‘Slut-shaming’, shoulder-shrugging and victim blaming are not new. And it happens to women of all kinds, all classes and ethnic identities. Not all men are sexually abusive but it is hard to find a woman who has not had a bad experience at the hands of a man. It is why it is time for the dial to shift. We have to start talking seriously about male violence against women and girls. For too long the focus has been on the women who bring their complaints – their failures, their shortcomings, their conduct. No wonder women are made to feel shame.
We all have a part to play in changing things; challenging at every turn the way of thinking that is misogyny and exposing its hideous consequences for human relations. It means effectively prosecuting the wrongs that emanate from it and ensuring that the perpetrators’ attitudes are also being addressed in the punishments imposed.
But the justice system faces its own challenges. A lack of resourcing means there is a backlog of 150,000 cases awaiting criminal trial; criminal prosecutors and barristers are leaving practice because of over work and cuts to legal aid; the probation service has been eviscerated and alternatives to prison and training programmes have all but been abandoned; and policing has lost the confidence of women in society.
Securing greater justice for women is going to involve a huge culture shift. Equality can only be achieved if we all call out the practices that sustain inequality. This includes confronting instances of violence when they happen and working on the long term goal of ending violence against women and girls by investing in prevention work in our communities, particularly in schools.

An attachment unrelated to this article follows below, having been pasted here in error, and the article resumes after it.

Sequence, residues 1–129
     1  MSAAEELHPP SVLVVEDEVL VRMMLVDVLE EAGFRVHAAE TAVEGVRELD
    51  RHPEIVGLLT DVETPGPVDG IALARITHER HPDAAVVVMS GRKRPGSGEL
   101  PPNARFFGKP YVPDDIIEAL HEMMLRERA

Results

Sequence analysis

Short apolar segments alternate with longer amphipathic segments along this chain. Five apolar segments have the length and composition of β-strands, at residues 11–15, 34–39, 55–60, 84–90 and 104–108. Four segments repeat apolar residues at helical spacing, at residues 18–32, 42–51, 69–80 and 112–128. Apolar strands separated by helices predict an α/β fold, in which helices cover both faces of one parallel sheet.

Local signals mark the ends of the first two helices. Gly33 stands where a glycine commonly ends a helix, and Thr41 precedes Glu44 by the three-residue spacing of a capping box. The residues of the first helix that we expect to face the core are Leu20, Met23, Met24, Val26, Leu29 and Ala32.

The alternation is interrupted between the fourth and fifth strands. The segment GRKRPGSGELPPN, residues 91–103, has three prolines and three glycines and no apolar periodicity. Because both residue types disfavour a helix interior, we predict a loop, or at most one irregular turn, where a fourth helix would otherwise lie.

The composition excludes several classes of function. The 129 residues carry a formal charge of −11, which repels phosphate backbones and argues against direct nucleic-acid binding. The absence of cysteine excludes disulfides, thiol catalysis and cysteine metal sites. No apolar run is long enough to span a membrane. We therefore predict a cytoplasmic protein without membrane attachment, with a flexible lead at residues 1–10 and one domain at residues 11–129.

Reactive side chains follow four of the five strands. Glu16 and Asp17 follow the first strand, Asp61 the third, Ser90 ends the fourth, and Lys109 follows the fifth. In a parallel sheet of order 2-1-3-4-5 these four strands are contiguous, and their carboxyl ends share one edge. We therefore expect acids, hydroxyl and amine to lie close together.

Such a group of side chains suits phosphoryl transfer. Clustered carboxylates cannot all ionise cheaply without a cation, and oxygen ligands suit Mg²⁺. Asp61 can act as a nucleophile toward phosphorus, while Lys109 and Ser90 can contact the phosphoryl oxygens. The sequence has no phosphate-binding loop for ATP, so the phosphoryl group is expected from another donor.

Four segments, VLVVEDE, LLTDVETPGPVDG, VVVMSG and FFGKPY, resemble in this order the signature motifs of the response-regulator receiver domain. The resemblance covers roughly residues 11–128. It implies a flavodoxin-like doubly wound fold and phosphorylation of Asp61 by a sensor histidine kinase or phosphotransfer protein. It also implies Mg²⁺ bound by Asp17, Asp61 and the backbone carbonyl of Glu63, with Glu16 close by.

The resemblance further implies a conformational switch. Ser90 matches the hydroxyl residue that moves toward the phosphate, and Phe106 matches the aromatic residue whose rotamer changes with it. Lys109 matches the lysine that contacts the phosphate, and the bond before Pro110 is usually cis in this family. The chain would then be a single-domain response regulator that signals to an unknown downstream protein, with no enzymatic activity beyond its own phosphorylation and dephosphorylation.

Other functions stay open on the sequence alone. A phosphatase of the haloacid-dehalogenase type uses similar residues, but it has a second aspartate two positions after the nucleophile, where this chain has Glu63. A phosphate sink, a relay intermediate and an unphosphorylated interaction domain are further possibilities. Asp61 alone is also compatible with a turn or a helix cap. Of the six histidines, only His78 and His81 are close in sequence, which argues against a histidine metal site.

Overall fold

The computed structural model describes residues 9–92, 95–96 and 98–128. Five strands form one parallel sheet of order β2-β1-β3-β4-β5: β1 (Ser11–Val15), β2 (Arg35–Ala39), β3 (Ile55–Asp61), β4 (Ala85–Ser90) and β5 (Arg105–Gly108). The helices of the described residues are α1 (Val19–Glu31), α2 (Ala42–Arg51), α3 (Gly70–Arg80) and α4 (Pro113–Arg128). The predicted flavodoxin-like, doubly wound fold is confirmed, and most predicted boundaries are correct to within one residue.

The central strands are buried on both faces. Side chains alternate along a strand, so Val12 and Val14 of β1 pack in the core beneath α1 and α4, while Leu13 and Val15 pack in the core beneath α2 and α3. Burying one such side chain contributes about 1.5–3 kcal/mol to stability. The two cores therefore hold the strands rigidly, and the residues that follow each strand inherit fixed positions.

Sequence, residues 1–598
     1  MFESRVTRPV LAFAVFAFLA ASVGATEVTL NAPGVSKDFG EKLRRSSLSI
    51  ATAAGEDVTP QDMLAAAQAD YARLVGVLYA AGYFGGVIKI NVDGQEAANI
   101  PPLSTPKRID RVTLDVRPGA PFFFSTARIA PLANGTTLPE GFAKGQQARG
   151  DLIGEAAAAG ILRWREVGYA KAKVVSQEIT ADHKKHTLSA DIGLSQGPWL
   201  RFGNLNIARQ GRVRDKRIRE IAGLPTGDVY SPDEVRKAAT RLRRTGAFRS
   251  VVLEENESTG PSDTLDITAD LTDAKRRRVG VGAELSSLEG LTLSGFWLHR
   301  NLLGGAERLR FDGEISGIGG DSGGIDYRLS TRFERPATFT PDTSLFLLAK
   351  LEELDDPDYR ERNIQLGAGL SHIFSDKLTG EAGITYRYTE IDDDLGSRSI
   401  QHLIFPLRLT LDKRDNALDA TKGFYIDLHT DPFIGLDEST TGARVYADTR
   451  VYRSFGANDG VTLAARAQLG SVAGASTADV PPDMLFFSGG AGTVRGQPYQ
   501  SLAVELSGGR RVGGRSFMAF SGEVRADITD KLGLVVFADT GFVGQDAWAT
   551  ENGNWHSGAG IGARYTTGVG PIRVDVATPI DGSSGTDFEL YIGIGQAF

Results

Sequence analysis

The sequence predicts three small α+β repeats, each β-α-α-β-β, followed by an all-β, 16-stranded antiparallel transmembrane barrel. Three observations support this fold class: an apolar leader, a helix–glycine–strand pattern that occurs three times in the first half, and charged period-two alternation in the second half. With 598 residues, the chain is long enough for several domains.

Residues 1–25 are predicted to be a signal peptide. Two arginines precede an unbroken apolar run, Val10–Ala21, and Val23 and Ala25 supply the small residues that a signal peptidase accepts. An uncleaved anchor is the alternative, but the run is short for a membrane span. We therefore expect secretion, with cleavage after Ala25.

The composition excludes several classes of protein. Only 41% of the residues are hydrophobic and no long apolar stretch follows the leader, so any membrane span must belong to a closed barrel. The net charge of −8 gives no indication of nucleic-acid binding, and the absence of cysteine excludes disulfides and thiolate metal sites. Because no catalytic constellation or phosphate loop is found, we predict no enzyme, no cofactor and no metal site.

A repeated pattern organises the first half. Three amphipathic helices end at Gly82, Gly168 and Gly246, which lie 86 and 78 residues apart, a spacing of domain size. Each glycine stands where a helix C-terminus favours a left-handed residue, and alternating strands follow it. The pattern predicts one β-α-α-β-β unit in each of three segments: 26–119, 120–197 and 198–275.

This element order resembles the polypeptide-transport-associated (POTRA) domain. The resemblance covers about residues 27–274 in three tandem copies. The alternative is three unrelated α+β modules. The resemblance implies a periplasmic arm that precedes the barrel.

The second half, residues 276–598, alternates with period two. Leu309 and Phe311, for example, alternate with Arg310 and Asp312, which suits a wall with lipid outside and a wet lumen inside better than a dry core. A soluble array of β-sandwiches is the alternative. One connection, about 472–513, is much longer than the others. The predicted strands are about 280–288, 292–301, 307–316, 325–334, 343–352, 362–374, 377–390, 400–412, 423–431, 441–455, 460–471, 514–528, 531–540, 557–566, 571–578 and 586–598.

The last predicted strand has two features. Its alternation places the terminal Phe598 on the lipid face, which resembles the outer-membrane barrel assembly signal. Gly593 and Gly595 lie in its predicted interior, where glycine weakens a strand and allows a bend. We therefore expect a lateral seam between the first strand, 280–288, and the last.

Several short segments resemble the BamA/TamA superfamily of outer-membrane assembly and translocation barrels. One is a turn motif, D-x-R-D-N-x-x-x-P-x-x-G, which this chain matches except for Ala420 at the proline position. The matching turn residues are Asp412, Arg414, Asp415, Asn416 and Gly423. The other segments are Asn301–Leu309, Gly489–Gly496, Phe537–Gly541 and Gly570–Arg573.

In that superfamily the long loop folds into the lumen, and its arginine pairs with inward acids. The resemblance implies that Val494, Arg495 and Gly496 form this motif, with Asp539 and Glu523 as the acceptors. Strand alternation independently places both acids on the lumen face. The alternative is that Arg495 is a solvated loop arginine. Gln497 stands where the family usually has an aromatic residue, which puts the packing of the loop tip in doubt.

Confronting misogyny is key but we cannot criminalise what people think. Freedom of thought is an important right and I do not want to see ‘thought-crime’ being promoted as a remedy, as in some totalitarian regimes. What goes on in that space between our ears is the source of dreams and imagination, creativity and ingenuity as well as bad stuff. It is the home of our conscience and much else. It is only when thought is translated into actions which are criminal that the state should have a role. And that role should be taken seriously.
Copyright Helena Kennedy KC, April 2023
Baroness Helena Kennedy KC is a member of the House of Lords and Director of the International Bar Association’s Human Rights Institute.
This article was first published in the programme for Dixon and Daughters, a co-production between Clean Break and National Theatre, written by Deborah Bruce.